One of the most common questions asked by anyone suffering from whiplash or another auto injury is, “How long do I need to recover?”
The answer to that question depends largely on the severity of your injury, as well as individual characteristics like age, mental health, and occupation. For instance one new study suggests that patients with grade I or II whiplash injury can expect to experience significant relief of their symptoms within a year of their injury. However, other research has shown that up to half of whiplash patients develop chronic problems.
To clarify the matter, researchers from France recently conducted a study of 173 patients with whiplash and 207 individuals with mild injuries. One year after the injury, 56% of whiplash patients still had not fully recovered, compared to 43% of more mild injury cases. The biggest factor in predicting poor quality of life was post-traumatic stress disorder. Earlier studies have also indicated the PTSD increases the likelihood that whiplash patients will suffer from chronic symptoms.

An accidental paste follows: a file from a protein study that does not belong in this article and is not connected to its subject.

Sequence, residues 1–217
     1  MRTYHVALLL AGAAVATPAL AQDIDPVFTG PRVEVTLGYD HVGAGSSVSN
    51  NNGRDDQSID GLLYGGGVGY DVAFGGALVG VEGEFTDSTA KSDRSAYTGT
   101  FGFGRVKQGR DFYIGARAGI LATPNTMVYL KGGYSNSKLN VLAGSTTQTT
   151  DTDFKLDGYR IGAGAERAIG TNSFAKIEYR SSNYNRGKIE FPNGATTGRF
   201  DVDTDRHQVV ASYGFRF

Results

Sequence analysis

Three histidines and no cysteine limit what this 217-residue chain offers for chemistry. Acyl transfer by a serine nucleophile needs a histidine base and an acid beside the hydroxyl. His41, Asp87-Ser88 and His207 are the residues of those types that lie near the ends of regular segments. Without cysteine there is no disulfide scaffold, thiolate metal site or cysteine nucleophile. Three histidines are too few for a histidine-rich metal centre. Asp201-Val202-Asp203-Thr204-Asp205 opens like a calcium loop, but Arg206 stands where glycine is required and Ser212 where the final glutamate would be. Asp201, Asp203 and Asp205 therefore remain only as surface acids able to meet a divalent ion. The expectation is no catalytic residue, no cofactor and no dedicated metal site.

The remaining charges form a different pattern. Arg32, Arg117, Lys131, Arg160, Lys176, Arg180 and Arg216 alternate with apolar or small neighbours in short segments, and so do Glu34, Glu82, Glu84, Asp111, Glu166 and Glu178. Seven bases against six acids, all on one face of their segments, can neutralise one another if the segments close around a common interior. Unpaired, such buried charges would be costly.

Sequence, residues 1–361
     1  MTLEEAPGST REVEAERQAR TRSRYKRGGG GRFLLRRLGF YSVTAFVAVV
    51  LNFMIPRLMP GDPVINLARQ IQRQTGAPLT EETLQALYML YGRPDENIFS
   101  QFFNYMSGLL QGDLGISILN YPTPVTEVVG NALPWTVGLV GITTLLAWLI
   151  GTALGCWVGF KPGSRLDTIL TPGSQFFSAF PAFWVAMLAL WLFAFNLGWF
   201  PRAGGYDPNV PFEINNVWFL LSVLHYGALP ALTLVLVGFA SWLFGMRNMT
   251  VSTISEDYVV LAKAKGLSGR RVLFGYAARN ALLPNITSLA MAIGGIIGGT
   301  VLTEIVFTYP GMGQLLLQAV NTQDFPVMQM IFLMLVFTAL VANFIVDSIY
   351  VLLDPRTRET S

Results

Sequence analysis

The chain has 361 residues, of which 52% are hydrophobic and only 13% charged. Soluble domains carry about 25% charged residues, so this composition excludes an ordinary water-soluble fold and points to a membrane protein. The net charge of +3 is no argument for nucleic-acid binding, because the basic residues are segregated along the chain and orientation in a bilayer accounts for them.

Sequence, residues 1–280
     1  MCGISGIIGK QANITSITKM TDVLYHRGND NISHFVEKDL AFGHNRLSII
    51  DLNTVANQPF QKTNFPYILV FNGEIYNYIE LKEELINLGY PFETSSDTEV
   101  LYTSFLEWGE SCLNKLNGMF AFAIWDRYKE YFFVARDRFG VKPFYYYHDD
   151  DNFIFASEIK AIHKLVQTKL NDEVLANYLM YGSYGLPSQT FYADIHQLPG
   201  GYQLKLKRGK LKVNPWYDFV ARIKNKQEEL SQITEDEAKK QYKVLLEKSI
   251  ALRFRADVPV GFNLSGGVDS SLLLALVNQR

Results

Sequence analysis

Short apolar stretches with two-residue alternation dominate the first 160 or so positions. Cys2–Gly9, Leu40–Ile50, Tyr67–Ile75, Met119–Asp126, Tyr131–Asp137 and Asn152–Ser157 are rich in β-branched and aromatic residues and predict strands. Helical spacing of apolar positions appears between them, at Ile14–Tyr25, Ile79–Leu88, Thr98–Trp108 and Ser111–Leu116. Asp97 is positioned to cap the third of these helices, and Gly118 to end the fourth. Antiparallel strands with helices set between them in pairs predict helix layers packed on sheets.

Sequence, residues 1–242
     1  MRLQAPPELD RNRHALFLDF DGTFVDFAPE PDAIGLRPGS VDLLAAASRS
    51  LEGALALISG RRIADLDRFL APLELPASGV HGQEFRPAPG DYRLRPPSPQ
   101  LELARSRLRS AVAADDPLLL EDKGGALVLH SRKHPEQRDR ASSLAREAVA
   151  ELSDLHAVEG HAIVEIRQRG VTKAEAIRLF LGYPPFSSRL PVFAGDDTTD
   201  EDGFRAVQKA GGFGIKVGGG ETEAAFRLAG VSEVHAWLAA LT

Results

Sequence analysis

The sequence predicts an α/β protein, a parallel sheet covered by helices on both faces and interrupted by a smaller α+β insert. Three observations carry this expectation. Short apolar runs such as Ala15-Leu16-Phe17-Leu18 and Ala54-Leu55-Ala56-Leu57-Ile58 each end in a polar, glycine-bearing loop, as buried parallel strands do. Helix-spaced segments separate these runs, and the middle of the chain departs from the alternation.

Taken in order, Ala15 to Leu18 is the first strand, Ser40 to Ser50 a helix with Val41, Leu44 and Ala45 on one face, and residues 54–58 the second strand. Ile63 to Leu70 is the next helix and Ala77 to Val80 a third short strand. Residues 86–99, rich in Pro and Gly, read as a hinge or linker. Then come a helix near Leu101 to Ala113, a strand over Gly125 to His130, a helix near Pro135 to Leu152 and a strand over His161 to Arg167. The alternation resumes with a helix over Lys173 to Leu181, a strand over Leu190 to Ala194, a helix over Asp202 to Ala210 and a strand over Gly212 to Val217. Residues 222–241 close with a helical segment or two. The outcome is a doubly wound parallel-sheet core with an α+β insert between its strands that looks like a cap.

The term “chronic” typically refers to any painful symptoms that are experienced for longer than three months. Unfortunately, the lingering effects of chronic whiplash can last for up to a decade after the injury, according to previous research.
So if you’re suffering from whiplash now, it’s important to be evaluated by a chiropractor or other spinal specialist who can assess the damage and grade of injury. Mild cases of whiplash may be resolved with a few chiropractic adjustments and at-home treatments, while more severe cases will require longer-term care. Seeking adequate treatment now will prevent chronic pain later.
Asenlöf P, et al. The clinical course over the first year of Whiplash Associated Disorders (WAD): pain-related disability predicts outcome in a mildly affected sample. BMC Musculoskeletal Disorders 2013;14(1):361. doi: 10.1186/1471-2474-14-361.
Hours M, et al. One year after mild injury: comparison of health status and quality of life between patients with whiplash versus other injuries. Journal of Rheumatology 2013.